There was a time when boxing was the hottest ticket in town. People cleared their schedules to watch famous fights such as Ali-Frazier and Duran-Leonard. Even the motion pictures that portrayed prize-fighters were box-office hits. Local professional boxer Anthony Karperis may be able to play a hand in turning the clock back, if he continues to make an impact in the ring.
Nowadays, boxing has been surpassed by MMA—specifically UFC—in popularity. Karperis, a native of Hicksville, feels that the product has become diluted due to the ubiquity of the competitions.
When life hands you lemons, make lemonade. That’s just what a Hicksville baker is doing, except in her case it isn’t lemons, but a gluten-free diet. Her lemonade stand of choice is her brand new gluten-free eatery, “Jac’s Bakeshop and Bistro,” which held its grand opening on April 12.
“I’m a baker who can’t even eat wheat or eggs,” said owner Jaclyn Messina, chuckling at the irony.
There’s a lot you can do in 99 minutes. You could cook dinner, play a non-stop soccer game, watch a romantic comedy or hang out with Odysseus, Achilles and Hercules. If you chose the last option, Hicksville High School’s upcoming theatre production of The Iliad, The Odyssey, and All of Greek Mythology in 99 Minutes or Less is the place for you.
The mouthful of a title says it all. The cast will take on over 80 characters as they speed through all of Greek mythology, including popular tales such as The Iliad and The Odyssey, in a little over an hour and a half.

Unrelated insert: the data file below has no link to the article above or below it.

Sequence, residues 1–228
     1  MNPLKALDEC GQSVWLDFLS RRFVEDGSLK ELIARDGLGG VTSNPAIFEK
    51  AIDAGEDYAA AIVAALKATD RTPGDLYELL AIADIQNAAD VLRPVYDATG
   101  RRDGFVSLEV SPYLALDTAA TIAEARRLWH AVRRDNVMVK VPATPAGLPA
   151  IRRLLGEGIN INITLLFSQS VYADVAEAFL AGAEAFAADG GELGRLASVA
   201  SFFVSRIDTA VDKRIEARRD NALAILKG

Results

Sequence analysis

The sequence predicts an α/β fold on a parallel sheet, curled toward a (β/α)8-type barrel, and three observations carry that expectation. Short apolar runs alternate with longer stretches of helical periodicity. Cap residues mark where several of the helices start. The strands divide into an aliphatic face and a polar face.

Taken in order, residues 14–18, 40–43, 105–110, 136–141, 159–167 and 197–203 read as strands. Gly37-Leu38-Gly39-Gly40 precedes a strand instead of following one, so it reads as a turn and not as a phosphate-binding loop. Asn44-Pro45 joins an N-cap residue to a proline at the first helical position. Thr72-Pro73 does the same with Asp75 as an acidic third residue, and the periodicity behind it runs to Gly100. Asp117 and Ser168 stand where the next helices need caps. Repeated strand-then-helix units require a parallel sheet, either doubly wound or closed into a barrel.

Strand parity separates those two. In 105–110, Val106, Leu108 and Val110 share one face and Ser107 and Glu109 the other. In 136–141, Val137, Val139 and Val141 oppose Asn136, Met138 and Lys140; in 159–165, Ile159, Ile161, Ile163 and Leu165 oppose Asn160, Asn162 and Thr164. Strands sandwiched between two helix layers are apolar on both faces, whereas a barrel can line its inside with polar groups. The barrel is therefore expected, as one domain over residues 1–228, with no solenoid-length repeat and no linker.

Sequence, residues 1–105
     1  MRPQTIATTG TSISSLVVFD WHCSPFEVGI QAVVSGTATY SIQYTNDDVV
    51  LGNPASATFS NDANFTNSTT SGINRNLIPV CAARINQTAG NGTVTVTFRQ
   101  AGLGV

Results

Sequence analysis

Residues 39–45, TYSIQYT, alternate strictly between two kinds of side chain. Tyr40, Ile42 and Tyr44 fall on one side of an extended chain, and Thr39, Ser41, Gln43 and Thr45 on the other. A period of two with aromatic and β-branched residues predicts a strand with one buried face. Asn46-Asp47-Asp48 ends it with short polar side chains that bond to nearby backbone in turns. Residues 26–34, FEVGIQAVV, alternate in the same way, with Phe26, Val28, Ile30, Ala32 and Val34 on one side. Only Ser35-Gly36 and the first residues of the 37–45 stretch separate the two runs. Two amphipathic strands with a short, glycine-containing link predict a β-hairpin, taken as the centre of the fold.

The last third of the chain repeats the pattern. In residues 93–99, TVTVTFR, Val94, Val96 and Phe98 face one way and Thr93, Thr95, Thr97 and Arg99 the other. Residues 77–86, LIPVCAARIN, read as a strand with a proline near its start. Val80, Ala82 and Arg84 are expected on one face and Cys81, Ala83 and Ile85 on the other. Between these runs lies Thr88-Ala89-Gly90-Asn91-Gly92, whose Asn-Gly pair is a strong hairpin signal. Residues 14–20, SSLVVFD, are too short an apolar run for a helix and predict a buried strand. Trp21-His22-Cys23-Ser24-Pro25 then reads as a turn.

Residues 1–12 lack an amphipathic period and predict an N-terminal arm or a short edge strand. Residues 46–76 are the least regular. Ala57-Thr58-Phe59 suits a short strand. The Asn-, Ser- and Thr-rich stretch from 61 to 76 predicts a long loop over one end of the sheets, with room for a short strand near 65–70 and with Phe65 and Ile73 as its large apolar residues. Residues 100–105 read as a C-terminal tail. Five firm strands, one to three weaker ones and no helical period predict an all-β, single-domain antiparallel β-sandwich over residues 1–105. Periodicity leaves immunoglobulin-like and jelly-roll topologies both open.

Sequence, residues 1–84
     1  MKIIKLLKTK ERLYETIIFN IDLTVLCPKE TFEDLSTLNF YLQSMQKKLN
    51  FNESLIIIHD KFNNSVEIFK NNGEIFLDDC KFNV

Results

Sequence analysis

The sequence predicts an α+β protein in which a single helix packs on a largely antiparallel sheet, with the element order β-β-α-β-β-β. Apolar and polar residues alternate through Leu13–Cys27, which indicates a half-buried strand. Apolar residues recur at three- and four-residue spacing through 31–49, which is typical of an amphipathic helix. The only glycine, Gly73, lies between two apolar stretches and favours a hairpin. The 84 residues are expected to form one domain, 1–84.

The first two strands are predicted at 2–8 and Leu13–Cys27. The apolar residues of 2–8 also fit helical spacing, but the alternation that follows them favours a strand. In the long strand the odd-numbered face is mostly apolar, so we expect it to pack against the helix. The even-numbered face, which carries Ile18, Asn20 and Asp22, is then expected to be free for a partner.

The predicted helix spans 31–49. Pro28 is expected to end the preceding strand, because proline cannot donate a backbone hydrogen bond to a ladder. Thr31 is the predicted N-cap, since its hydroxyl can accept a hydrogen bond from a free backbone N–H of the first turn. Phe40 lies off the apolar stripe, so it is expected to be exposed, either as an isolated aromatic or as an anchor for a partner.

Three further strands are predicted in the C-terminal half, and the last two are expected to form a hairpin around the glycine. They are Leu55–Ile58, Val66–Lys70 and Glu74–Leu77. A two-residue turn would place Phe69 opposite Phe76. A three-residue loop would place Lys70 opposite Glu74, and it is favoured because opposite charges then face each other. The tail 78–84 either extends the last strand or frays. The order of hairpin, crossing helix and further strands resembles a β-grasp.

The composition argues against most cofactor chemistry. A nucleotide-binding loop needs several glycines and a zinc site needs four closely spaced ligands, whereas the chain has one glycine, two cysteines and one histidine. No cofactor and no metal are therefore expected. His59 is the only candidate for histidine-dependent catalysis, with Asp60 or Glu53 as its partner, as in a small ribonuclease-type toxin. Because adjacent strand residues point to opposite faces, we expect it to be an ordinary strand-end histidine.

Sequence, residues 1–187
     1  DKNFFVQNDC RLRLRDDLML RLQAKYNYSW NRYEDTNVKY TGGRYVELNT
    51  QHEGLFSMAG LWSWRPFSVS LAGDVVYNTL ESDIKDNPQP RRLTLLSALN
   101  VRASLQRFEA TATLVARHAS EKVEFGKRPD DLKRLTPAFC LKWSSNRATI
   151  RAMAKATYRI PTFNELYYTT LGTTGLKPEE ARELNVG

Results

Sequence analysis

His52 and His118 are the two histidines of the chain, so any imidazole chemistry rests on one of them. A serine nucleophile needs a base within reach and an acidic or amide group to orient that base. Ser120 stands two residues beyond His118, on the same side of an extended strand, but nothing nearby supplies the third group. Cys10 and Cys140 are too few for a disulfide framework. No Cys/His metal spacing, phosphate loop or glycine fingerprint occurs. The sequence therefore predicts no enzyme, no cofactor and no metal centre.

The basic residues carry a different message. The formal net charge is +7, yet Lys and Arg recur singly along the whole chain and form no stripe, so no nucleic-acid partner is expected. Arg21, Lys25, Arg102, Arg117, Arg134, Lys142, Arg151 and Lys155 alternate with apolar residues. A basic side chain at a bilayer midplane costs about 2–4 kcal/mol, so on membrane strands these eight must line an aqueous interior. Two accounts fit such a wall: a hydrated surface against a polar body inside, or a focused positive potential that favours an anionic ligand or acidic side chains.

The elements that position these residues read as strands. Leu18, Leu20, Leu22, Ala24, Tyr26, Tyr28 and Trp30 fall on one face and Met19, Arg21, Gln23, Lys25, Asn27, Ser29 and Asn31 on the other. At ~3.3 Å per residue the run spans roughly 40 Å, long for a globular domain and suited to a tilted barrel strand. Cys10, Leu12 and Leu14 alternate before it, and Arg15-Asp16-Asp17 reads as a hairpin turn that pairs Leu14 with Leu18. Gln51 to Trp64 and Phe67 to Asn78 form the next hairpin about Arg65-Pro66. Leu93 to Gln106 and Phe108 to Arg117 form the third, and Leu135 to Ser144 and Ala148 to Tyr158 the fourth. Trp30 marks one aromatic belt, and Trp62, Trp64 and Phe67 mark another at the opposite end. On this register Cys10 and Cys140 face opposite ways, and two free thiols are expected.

Due to what appears to be a colossal error on the part of the Nassau County Assessor’s office, or perhaps an errant interpretation of state law, more than 600 military veterans and Gold Star families in Hicksville will have to wait for their tax break until next year.
Hicksville is one of several local school districts that recently approved resolutions extending the exemption to local veterans, even though budgets and Albany’s tax cap make it a tough choice. On Feb. 26, with a contingency of veterans in the audience, the board voted to provide a school tax exemption for veterans living in the district, starting with the 2014-15 school year.
You’d expect volleyball, football and running the mile in gym class, but what about juggling, plate spinning, or riding a unicycle? For the past 30 years, The National Circus Project has been challenging typical notions of gym class by bringing skilled, trained circus artists into schools for performances and week-long workshops.
Every year, the Westbury based nonprofit goes into approximately 350 public and private schools all over the northeast, including a previous visit to Dutch Lane School in Hicksville. Teams of expert circus artists will come into a physical education class for either a day or week-long workshop. Students get a front row seat to a performance by some of the best in the business, as well as hands on experience with traditional circus skills such as juggling, wire walking or acrobatics. Students in the week-long workshop get to perfect a specific skill and show it off during a show at the end of the week for family members.